Sales and jobs grow but profits fall, says annual report on Bedfordshire’s economy

Jun 07, 2018

They continue to face uncertainty and challenges, says the annual Bedfordshire Limited report conducted by financial and business advisers Grant Thornton, which analyses the performance of the 100 largest, privately owned companies in the county to provide a recognised benchmark of the overall health of the local economy.
The 2018 report findings, unveiled to local business leaders at a breakfast event at Woburn Abbey’s Sculpture Gallery, revealed that combined turnover of the top 100 companies increased by a steady 1.1% to £3.2 billion.
Overall profitability (measured by Earnings Before Interest, Tax, Depreciation and Amortisation) fell slightly by 1.7% although there was a clear divide between the performances of consumer-facing and business-to-business sectors.
 
  • Pictured: Grant Thornton director Steve White, who presented the findings this morning.
 
Automotive and motor retail, food, drink & leisure and retail & wholesale posted a combined 4.1% decline in profits, underlining the challenging trading environment they face. The remaining sectors operating in a largely B2B environment demonstrated a greater level of resilience, delivering a 2.2% increase in profits.
Positively, employment continues to remain strong among the county’s largest privately owned businesses with the top 100 growing their combined workforce by 15.2% to 22,370 people. 
However, average salaries remained broadly static, down 1.4% to £26,546, reinforcing the pressure on disposable income which is affecting consumer sectors.
The report and launch event was sponsored by Bedfordshire Chamber of Commerce. Grant Thornton director Steve White said: “Following 2017’s strong performance, this year we are seeing a more mixed picture from the largest companies in Bedfordshire with some able to adapt and prosper whilst others face increasingly difficult trading conditions.
“Clear signs of pressure in consumer spending are starting to emerge as the lack of real growth in wages over a prolonged period of time starts to bite and skills shortages remain a feature of some sectors. 
“While, however, there remains significant uncertainty over Brexit, the business community is showing great resilience against this backdrop.”
 
Large v small businesses
The 2018 study also revealed that turnover growth was broadly consistent across companies of different sizes with the county’s largest businesses (turnover greater than £50 million) achieving a 1.3% rise, just ahead of the 0.9% achieved by SMEs.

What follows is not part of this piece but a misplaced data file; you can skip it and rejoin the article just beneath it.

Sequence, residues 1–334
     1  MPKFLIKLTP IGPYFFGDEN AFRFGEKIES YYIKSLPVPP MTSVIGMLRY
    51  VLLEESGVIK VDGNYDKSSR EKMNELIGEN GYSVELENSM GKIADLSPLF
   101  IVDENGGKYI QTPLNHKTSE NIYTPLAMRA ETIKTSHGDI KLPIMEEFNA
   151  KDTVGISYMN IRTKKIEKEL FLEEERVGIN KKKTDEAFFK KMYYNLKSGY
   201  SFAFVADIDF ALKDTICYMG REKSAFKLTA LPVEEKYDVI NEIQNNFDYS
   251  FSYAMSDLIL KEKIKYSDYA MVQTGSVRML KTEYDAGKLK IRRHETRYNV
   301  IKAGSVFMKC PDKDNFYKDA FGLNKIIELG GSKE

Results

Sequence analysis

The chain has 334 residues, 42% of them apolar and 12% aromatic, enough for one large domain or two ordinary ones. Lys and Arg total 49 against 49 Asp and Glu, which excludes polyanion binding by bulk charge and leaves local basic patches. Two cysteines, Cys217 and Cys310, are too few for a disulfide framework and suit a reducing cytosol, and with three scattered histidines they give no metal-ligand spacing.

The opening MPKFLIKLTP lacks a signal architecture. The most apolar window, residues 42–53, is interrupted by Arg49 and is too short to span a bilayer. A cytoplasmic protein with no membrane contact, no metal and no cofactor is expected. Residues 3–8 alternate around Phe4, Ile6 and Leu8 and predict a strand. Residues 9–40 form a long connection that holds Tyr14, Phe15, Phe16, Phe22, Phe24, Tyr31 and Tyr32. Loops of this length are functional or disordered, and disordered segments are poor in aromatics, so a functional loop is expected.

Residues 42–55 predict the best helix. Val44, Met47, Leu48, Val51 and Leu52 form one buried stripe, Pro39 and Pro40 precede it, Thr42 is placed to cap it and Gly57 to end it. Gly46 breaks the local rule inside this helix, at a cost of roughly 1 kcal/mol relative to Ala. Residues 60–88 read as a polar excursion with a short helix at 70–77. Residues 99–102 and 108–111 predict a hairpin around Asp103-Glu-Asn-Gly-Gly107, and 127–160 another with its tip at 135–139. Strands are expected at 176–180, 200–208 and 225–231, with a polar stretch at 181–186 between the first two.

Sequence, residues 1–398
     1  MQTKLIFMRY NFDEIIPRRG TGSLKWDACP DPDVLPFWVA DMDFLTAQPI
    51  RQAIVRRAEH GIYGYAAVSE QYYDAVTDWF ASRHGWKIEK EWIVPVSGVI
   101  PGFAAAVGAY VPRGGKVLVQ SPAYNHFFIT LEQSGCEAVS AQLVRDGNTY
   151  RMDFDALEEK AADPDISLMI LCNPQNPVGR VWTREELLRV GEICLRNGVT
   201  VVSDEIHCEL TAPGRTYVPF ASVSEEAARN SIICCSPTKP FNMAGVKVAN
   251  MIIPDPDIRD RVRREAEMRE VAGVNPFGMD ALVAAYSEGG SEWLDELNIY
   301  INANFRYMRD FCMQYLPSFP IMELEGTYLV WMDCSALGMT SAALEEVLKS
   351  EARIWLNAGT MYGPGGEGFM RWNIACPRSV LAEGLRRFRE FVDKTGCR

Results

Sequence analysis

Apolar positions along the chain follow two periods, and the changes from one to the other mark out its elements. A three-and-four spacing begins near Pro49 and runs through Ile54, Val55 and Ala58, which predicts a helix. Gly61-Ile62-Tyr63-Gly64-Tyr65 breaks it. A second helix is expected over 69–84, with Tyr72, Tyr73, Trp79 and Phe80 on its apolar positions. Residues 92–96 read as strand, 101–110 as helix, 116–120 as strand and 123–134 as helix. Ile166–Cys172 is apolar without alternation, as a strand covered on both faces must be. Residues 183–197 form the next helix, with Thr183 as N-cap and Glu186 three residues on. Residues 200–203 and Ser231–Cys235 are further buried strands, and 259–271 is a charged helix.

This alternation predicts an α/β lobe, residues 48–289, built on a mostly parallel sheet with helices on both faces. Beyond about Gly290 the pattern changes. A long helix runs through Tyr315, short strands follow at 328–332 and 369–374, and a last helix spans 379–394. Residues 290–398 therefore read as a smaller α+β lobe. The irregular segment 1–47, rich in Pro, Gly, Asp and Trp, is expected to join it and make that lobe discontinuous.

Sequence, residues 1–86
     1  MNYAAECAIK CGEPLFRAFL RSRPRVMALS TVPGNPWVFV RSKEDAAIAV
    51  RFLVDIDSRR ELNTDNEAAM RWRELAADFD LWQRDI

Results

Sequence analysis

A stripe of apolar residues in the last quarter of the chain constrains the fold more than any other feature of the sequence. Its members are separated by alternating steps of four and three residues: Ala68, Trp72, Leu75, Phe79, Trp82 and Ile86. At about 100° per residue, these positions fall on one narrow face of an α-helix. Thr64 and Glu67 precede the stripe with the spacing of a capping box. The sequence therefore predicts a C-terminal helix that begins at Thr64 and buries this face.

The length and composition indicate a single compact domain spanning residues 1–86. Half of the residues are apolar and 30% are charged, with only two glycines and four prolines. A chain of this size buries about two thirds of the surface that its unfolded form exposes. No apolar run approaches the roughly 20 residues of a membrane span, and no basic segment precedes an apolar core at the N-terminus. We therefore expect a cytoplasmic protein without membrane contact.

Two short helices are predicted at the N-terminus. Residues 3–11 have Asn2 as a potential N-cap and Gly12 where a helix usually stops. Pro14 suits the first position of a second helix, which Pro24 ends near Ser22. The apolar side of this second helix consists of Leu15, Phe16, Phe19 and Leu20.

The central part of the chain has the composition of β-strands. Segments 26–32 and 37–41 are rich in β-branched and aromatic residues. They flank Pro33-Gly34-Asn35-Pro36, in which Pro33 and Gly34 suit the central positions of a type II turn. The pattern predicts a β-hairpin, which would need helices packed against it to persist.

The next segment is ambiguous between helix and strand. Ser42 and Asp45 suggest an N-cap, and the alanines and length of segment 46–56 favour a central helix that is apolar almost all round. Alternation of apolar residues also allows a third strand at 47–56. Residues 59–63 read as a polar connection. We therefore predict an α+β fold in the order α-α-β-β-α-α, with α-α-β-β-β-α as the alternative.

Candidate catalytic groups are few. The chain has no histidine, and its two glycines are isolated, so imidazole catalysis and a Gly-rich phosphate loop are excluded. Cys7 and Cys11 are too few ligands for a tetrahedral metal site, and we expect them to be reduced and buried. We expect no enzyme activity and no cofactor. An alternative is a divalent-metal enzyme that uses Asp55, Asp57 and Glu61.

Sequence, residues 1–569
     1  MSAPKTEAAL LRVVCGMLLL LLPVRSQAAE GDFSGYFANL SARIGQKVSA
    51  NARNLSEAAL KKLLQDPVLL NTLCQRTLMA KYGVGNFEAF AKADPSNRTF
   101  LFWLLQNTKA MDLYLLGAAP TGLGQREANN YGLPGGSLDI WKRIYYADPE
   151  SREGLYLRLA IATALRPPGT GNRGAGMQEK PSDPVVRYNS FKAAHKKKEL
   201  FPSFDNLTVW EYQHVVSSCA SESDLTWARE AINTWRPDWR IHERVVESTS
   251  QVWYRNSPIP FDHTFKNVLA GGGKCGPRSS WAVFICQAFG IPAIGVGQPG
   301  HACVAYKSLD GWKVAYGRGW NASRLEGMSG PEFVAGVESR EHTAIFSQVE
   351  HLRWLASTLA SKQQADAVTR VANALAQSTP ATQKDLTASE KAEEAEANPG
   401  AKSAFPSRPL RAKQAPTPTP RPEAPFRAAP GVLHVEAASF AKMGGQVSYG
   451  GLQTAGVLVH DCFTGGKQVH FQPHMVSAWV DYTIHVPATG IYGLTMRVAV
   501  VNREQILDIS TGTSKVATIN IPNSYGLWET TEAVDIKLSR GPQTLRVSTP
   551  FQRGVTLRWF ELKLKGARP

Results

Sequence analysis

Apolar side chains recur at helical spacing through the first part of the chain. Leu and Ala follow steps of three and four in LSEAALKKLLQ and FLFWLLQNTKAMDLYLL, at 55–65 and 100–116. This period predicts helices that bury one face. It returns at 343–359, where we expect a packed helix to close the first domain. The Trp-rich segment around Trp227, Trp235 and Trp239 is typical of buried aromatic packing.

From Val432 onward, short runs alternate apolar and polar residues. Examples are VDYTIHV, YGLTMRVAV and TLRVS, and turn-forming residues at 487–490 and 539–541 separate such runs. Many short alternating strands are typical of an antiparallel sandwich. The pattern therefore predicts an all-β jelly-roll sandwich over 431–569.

However, in terms of profitability, SMEs saw a 3.4% fall compared to larger firms which posted a broadly static 0.1% increase, suggesting smaller firms are facing increased pressure on their profit margins.
 
Sector performance
The Bedfordshire Limited report also analyses the performance of the top 100 companies across nine different sectors.
All sectors reported a rise in turnover but only three saw a growth in overall profitability. Industrial and manufacturing led the way with a 27% increase in sales and a 29% profit growth. This outstanding performance reflects the resilience and innovation of Bedfordshire’s high value add, specialist manufacturing base.
In contrast, healthcare & education saw a 21% profit fall, highlighting the continued pressure being exerted by public spending constraints and the impact of issues such as the increased living wage. However, the sector reported a strong 15.8% increase in employment and a 9% growth in turnover.
Mr White said: “Given some of the economic headwinds that are starting to emerge, a more sporadic performance across the top 100 is to be expected. However, the underlying foundations are strong and Bedfordshire remains a fantastic place to do business. 
“We have seen significant investment in the county over recent months and based on past performance, local firms are more than willing, and able, to rise to the challenges they face.”

Guests at the breakfast event also heard updates from Luton Council chief executive Trevor Holden and Jason Longhurst, director of regeneration and business at Central Bedfordshire Council. 

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